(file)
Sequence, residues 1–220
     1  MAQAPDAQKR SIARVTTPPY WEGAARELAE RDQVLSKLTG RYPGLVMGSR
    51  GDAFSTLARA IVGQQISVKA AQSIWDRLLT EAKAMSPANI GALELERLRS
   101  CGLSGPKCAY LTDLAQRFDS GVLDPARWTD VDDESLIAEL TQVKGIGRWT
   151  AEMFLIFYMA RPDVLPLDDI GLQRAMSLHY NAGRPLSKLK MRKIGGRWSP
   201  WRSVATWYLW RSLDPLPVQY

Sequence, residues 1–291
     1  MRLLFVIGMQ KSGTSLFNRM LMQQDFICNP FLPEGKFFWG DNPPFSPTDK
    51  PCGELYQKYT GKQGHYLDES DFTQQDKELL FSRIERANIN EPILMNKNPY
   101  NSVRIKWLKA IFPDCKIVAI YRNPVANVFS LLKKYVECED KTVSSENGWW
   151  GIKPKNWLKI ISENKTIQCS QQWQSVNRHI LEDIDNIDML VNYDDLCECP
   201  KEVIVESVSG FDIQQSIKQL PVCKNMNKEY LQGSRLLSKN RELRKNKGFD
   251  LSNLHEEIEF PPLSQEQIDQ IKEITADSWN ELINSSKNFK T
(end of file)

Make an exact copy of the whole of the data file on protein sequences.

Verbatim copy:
Sequence, residues 1–220
     1  MAQAPDAQKR SIARVTTPPY WEGAARELAE RDQVLSKLTG RYPGLVMGSR
    51  GDAFSTLARA IVGQQISVKA AQSIWDRLLT EAKAMSPANI GALELERLRS
   101  CGLSGPKCAY LTDLAQRFDS GVLDPARWTD VDDESLIAEL TQVKGIGRWT
   151  AEMFLIFYMA RPDVLPLDDI GLQRAMSLHY NAGRPLSKLK MRKIGGRWSP
   201  WRSVATWYLW RSLDPLPVQY

Sequence, residues 1–291
     1  MRLLFVIGMQ KSGTSLFNRM LMQQDFICNP FLPEGKFFWG DNPPFSPTDK
    51  PCGELYQKYT GKQGHYLDES DFTQQDKELL FSRIERANIN EPILMNKNPY
   101  NSVRIKWLKA IFPDCKIVAI YRNPVANVFS LLKKYVECED KTVSSENGWW
   151  GIKPKNWLKI ISENKTIQCS QQWQSVNRHI LEDIDNIDML VNYDDLCECP
   201  KEVIVESVSG FDIQQSIKQL PVCKNMNKEY LQGSRLLSKN RELRKNKGFD
   251  LSNLHEEIEF PPLSQEQIDQ IKEITADSWN ELINSSKNFK T